TopBuild (BLD) Q4 2018 Earnings Conference Call Transcript

BLD earnings call for the period ending December 31, 2018.

Motley Fool Transcribing
Motley Fool Transcribing
Feb 26, 2019 at 8:27PM
Industrials
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BULGARIAN LAND ORD 1P (NYSE:BLD)
Q4 2018 Earnings Conference Call
Feb. 26, 2019 9:00 a.m. ET

Contents:

Prepared Remarks:

Operator

Ladies and gentlemen, thank you for standing by, and welcome to the TopBuild earnings conference call. [Operator instructions] As a reminder, this conference is being recorded, Tuesday, February 26, 2019. I would now like to turn the conference over to Tabitha Zane. Please go ahead, ma'am.

Tabitha Zane -- Investor Relations

Thank you, and good morning. On the call today are Jerry Volas, chief executive officer; Robert Buck, president and chief operating officer; and John Peterson, chief financial officer. Please note, we have posted senior management's formal remarks on the Investor Relations section of our website at topbuild.com. As shown on Slide 2 of today's presentation, many of our remarks will include forward-looking statements concerning the company's operations and financial condition.

These forward-looking statements include known and unknown risks, including those set forth in this morning's press release as well as in the company's filings with the SEC. The company assumes no obligation to update or supplement forward-looking statements that become untrue because of subsequent events. In addition, we will also discuss non-GAAP financial measures, which can be reconciled to the most comparable GAAP measures in a table included in today's press release. Please turn to Slide 3.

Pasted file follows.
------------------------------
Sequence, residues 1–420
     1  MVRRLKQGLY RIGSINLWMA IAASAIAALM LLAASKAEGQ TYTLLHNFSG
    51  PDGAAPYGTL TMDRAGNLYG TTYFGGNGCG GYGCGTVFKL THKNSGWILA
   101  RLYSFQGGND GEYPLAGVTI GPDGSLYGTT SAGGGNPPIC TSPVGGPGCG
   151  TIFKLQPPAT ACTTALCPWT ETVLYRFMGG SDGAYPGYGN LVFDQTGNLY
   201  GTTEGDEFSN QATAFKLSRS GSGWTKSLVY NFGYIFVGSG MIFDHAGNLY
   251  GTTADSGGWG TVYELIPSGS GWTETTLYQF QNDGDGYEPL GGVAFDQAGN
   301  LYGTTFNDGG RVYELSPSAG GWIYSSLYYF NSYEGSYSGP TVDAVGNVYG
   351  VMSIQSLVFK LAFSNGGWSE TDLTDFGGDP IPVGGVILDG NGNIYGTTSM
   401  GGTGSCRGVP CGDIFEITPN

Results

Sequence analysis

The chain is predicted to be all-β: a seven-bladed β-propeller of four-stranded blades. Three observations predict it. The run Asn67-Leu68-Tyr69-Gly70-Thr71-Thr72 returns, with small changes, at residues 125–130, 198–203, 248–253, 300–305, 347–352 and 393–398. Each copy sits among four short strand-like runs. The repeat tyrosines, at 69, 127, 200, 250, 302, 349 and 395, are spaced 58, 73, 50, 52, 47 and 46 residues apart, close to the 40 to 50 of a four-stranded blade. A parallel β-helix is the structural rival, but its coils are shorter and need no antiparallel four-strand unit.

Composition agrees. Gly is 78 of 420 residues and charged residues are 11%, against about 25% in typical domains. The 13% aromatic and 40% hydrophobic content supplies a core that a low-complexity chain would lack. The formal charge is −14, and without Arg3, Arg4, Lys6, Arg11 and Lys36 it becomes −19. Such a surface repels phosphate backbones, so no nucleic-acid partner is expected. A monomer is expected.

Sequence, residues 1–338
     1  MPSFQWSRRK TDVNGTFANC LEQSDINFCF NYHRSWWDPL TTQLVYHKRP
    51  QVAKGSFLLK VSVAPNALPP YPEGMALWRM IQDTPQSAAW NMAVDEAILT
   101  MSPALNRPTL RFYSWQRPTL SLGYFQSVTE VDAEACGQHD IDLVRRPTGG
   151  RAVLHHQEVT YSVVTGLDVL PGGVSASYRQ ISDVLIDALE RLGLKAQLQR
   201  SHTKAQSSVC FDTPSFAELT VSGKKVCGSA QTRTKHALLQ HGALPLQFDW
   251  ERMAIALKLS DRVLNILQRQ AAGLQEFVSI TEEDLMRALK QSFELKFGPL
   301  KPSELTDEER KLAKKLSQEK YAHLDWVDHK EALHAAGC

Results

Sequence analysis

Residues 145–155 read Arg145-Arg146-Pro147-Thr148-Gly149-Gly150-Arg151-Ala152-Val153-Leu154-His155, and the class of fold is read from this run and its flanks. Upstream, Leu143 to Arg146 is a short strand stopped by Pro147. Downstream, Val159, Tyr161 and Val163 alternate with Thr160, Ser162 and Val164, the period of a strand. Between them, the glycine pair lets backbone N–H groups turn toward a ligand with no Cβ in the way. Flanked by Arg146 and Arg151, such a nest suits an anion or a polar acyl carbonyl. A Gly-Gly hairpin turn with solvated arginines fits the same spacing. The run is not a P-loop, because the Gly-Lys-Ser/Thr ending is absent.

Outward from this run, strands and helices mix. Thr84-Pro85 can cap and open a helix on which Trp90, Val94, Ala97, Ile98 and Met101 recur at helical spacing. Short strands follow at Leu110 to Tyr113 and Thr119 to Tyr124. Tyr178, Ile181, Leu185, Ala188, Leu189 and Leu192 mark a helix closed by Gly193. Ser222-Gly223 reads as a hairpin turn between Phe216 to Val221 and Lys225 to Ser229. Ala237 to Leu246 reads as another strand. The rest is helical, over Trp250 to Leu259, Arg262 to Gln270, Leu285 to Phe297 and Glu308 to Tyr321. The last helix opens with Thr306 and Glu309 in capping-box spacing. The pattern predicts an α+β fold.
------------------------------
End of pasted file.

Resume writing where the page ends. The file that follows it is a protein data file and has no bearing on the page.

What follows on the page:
I will now turn the call over to Jerry Volas.

Jerry Volas -- Chief Executive Officer

Welcome, everyone, and thanks for joining us today. We finished 2018 with a strong fourth quarter. Completing another outstanding year for TopBuild. Our strategy, diversified business model and execution again delivered on our objective of achieving profitable growth.

Before discussing our financial results, I'd like to provide an update on our current view of the U.S. housing industry. On our November call, I talked about consumer affordability issues, potentially causing a short-term pause within the context of an otherwise strong environment for new home construction. Since then, the Fed has moderated their view on future interest rate increases, mortgage rates have come down from fourth-quarter highs and the stock market has rebounded from an overall negative sentiment that significantly impacted valuations.

In addition, our builder customers as they always do are adjusting their strategies to provide homes that customers want and can afford. All of these developments are positive for new residential home construction. As an additional overall positive, the general economy remains strong with solid wage and job growth. While we still believe there could be a short-term pause in the near term, all of the factors I just mentioned appear to preclude an escalation of consumer-affordability issues.